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post #1 of 13 Old 06-30-2009 Thread Starter
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Rotten Deck Core

My C-22 has developed a soft fore deck. There are areas of delamination on port and likely rot on the starboard deck and the vertical face forward of the cabin. The fore stay is tied to the bow eye, the side stays are tied to the midship bulkhead, and the fore and aft shrouds have 1' square 1/8" stainless steel backing plates. The deck is solid under the mast and the standing rigging.

Obviously, the first option is to remove the deck from the top and replace the 1/4" plywood core. The second option is to sell the boat for whatever I can get. There is a third option which is use the boat gently until I fix it or get rid of it. Now if I chose the third option I would be mindful to sail within a few miles of land and get the sails down if the wind pipes up. Somewhere like the Chespeake Bay, the rivers emptying in the North Carolina's sounds, or the bayou's in the Flroida panhandle

I have been considering getting rid of the boat since we have a H-25 as well (but its too big to trailer), the last thing I need is another project, and we plan to ultimatly sell both boats and find a bigger boat to move aboard. My question posed to the collective wisdom of the site is, would option 3 be too risky to consider? Thanks, Michael
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post #2 of 13 Old 06-30-2009
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Full of C**p

I almost hate to suggest this because the "experts" on this site will say I'm full of crap but there is yet another option. You can stabilize in place what you have and make it considerably stronger. Drill 1/4 inch holes in a one inch pattern thru the top fiberglsss over the soft places, let it dry for a considerable time and fill the space with Smith Systems penetrating sealer. Make sure the interior is dry before applying the Smith Systems. Once all is cured, seal the holes, apply a little paint and go sailing.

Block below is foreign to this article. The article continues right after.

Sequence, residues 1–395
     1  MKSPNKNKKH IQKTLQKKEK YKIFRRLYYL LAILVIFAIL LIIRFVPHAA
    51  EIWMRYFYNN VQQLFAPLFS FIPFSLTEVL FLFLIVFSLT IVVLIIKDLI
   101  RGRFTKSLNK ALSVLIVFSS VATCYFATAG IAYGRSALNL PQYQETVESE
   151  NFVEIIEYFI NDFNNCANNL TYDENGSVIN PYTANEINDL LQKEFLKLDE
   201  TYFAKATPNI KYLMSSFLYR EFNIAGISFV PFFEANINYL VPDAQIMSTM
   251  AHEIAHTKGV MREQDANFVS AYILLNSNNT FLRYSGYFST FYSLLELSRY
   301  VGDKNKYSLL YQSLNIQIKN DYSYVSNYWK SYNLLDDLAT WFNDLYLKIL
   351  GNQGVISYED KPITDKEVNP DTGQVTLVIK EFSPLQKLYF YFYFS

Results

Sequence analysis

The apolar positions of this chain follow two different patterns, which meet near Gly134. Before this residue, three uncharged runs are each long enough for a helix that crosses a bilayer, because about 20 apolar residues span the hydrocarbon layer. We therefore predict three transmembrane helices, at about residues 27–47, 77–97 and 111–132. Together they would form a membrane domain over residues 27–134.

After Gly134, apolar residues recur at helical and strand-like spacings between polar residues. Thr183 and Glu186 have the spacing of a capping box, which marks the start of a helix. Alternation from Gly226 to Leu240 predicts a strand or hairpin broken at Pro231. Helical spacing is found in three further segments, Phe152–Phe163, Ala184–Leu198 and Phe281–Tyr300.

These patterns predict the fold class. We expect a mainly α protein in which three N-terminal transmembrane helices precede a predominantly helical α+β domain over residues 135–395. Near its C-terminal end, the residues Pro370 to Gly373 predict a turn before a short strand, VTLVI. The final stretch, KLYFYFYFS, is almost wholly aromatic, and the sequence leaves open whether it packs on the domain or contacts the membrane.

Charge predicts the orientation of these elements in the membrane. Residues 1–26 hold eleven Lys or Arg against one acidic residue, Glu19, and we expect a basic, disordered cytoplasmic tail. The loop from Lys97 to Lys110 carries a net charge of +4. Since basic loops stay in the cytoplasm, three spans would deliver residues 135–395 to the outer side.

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post #3 of 13 Old 06-30-2009
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Agree with Dwayne...

Drill it, dry it, fill it, sand it, paint it, sail it.

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post #4 of 13 Old 06-30-2009
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IF the area is larger than about a square foot... you really should re-core the area.

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post #5 of 13 Old 06-30-2009
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Quote:
Originally Posted by mjrogers View Post
My question posed to the collective wisdom of the site is, would option 3 be too risky to consider? Thanks, Michael
Probably not seeing as a HUGE number of sailboats out there are sailing with soggy decks. Just be mindful of where your moisture is. At chain plates or mast steps it's not so good but in random spots I have yet to see a deck or boat catastrophically self destruct.

I have had buddies ask me to bring my moisture meter along when I arrive for a sail. They are always amazed at how much moisture we find..

Personally, based on your future plans, I would say to sail it now then sell it as is. You may actually further reduce the value by cutting up the decks if you are not proficient at fiberglass repairs. I would be very wary of buying any boat with DIY deck repair unless I had a full stack of photos to asses the techniques used.

I vote for sail it and then sell it..

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post #6 of 13 Old 06-30-2009
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Quote:
Originally Posted by DwayneSpeer View Post